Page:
Gregory Mowle, University of Canberra
The coronavirus pandemic has wreaked havoc on the Australian economy, and the financial effects for many are deeply personal.
Sadly, there’s no shortage of terrible advice online when it comes to personal finance. And as September 30 looms – the date by which JobKeeper, the increased JobSeeker and many negotiated rent and mortgage deferrals end – it’s important to be fully informed before you make potentially life-changing financial decisions.
As a former financial counsellor and former consumer credit educator for the Australian Securities and Investments Commission (ASIC), here’s what I think you need to know if you’re considering mortgage deferral, rent relief or bankruptcy.
Going bankrupt is a life changing decision – so why is the process to do it so easy?
Residential mortgages are covered by federal legislation, under which lenders can assist when borrowers can’t afford their usual repayments due to changed circumstances — such as losing hours or employment.
For example, you can ask your lender put on hold payments from June to September. It’s up to you and the creditor to establish clearly what happens to those payments. Are they pushed to the end of the contract, thereby extending the life of your loan? Or will you repay extra when you can afford repayments again?
Make sure you understand how much more it will cost you in additional interest if you extend the life of your loan by deferring these payments to the end of the contract. Depending on the details of your loan, you could be adding thousands of dollars to the amount you need to repay.
Most mortgage lenders don’t really want to repossess your house. It’s costly, time-consuming and stressful. But before asking for mortgage relief, you need to have a plan for the post-deferral period.
What happens if you still can’t make your usual repayments? Any licensed financial professional should be able to help negotiate a deferral on your mortgage or other consumer debts such as credit cards, but you should first consider seeing a free financial counsellor who is independent of any lenders. They can be contacted on 1800 007 007 or through the National Debt Helpline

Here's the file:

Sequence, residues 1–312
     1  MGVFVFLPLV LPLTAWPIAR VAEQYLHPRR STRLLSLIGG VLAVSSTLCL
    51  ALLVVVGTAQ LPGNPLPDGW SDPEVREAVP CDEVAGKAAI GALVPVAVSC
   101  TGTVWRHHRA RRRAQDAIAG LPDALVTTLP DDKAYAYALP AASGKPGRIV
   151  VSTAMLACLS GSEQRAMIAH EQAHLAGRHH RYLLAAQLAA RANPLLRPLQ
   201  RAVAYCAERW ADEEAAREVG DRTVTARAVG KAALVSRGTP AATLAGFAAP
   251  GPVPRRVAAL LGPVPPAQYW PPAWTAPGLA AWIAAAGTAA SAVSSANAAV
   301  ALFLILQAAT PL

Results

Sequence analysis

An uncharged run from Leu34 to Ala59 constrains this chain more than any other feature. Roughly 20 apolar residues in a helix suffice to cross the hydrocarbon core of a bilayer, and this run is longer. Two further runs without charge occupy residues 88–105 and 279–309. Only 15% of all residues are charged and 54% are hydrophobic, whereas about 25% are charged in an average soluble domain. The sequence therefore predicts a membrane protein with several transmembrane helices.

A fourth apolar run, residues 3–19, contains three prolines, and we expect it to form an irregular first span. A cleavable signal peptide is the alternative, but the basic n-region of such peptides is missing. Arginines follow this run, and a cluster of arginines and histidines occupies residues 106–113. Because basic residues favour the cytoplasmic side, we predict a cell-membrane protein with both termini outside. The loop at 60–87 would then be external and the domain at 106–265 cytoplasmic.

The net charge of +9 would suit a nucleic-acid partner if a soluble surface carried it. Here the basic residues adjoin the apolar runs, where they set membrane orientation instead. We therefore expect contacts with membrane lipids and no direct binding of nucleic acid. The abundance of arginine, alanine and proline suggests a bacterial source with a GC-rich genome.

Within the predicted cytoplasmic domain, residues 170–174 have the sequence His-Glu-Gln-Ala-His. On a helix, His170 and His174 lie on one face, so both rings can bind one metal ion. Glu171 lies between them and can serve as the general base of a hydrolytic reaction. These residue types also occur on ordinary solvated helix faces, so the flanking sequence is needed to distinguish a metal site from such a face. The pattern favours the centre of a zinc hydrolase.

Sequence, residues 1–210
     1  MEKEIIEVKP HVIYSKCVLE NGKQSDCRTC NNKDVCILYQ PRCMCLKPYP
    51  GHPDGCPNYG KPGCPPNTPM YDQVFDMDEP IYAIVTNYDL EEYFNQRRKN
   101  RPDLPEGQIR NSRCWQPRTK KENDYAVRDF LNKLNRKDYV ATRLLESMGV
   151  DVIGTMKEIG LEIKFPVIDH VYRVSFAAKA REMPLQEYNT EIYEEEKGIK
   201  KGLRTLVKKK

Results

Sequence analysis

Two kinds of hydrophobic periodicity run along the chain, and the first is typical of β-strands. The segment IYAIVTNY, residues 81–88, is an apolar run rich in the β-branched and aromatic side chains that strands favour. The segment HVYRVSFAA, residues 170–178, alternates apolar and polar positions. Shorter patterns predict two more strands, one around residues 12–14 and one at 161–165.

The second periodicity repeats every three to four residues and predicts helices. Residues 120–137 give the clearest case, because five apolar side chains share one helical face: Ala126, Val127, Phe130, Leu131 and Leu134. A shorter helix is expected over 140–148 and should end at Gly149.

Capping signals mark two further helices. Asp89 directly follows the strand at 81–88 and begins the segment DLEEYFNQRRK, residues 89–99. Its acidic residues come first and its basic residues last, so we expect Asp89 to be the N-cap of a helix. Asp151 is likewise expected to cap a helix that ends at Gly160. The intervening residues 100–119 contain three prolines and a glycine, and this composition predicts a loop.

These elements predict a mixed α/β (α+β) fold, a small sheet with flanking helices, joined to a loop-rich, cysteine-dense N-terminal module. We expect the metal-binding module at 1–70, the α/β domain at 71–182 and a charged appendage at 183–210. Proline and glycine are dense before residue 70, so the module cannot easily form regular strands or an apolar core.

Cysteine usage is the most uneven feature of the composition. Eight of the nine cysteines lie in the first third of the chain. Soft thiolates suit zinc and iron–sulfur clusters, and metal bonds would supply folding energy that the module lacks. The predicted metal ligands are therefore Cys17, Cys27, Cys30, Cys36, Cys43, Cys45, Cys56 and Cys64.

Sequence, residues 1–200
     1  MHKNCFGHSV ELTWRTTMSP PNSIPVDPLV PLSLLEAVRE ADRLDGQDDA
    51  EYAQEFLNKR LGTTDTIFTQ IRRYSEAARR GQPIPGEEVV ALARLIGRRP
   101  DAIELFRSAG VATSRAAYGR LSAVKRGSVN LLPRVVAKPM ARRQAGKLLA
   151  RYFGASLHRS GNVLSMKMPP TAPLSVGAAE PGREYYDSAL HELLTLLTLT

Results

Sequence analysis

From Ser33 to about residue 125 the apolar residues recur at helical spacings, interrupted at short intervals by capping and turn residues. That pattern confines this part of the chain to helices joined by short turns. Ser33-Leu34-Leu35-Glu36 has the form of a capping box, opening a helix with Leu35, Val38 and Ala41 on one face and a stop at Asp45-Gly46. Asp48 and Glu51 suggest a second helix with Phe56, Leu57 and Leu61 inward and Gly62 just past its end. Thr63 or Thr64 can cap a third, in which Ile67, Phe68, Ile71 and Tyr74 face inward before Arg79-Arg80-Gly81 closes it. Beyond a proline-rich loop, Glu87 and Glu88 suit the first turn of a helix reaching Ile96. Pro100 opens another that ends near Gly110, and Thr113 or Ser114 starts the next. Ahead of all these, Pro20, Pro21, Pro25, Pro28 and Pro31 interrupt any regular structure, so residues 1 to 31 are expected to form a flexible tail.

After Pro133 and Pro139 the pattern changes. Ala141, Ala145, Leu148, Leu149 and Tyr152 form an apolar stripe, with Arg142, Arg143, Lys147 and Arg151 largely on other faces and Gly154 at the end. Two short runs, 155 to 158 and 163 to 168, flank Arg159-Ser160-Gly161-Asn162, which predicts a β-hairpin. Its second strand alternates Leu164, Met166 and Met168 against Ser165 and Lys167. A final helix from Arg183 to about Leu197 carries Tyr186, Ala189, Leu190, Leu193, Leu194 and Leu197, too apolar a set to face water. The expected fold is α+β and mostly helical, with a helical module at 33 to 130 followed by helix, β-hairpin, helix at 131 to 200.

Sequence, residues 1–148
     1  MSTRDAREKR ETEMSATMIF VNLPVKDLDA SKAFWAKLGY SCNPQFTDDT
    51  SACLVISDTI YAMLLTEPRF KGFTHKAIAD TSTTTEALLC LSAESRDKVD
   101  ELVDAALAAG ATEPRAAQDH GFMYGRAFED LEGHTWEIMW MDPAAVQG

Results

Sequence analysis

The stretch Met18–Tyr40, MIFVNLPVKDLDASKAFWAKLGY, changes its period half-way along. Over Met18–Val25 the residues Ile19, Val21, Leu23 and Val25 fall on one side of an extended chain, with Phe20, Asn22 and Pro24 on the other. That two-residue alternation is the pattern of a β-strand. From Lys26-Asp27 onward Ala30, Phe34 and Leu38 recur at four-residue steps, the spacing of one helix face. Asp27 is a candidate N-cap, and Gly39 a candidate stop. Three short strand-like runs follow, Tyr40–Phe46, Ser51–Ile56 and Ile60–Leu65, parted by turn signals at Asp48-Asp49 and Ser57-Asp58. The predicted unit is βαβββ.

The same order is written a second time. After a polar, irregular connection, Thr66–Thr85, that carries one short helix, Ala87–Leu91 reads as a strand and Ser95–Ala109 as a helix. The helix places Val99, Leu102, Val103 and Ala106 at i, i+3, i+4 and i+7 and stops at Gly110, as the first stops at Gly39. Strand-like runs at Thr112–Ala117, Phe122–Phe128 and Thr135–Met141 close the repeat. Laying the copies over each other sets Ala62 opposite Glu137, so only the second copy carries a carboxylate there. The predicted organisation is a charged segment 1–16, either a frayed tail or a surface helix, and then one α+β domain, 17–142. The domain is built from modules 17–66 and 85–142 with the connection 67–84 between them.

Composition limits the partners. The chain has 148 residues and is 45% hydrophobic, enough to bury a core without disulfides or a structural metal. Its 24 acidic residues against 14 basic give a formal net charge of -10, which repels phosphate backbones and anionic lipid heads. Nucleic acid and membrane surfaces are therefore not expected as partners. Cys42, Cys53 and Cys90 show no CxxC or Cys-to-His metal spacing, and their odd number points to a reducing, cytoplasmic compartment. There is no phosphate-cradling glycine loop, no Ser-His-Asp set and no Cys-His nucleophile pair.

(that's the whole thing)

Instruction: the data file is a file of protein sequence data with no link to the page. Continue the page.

If you can’t pay your rent due to changed circumstances, you can ask your landlord to reduce or defer your rent. They can, of course, say no.
Unlike mortgage deferral, the implementation and process is inconsistent across states and territories. It can be difficult to navigate.
There are reports of some landlords asking for comprehensive financial statements to support claims, or for their tenants to access the early release of up to A$10,000 in superannuation to pay the rent.
Ausralia’s corporate watchdog, the Australian Securities and Investments Commission (ASIC), has warned real estate agents that advising tenants to take money from their superannuation may constitute giving unlicensed financial advice and/or be against people’s best interests, attracting possible fines and jail time.
If you’re talking with your landlord about rent relief, be clear on whether you’re talking about rent payments being reduced, deferred or permanently waived, and whether these payments would need to be made up by a certain date. Renters can seek help from free financial counsellors or a tenants’ union.
State and territory governments have established various schemes to help renters work out agreements with their landlord (see this Western Australian scheme as an example).
What if I can’t pay my rent? These are the options for rent relief in Australia
Bankruptcy should be a last resort. Many creditors have shown they’re willing to provide short-term delays (for about 90 days, for example) if people need more time to pay a debt.
Consumer credit contracts are written on the basis that life has its ups and downs and if a debtor genuinely can’t pay, the creditor can help by reducing payments, stopping interest charges, deferring payments and/or restructuring loans.
In almost all consumer bankruptcies, there is no return to creditors so they generally don’t want debtors to go bankrupt. It’s in their interest to help debtors through a difficult period so they can return to making payments.
Of great concern to consumer advocates is that searching “bankruptcy” or “help with debts” on the internet will often generate results for companies with a vested interest in placing you in what’s called a “debt agreement”. These should be approached with caution. It basically means you pay for a company to help you declare bankruptcy – but this is unnecessary.
A debt agreement is an act of bankruptcy that directs fees to those companies and quite often places consumers in unmanageable and unsustainable long-term repayment plans.
Instead, try to find free financial counsellors, some of whom work for charities. They are professional, unbiased and expert at informing people of their options when in debt. They can be found via the government’s MoneySmart site.
If you can’t pay your debts, there are many options available. The key is contacting the right person or organisation – and knowing whatever comes up first in a Google search is not necessarily the best or most impartial place to get help in a financial crisis.
Gregory Mowle, Lecturer in Finance, University of Canberra
This article is republished from The Conversation under a Creative Commons license. Read the original article.
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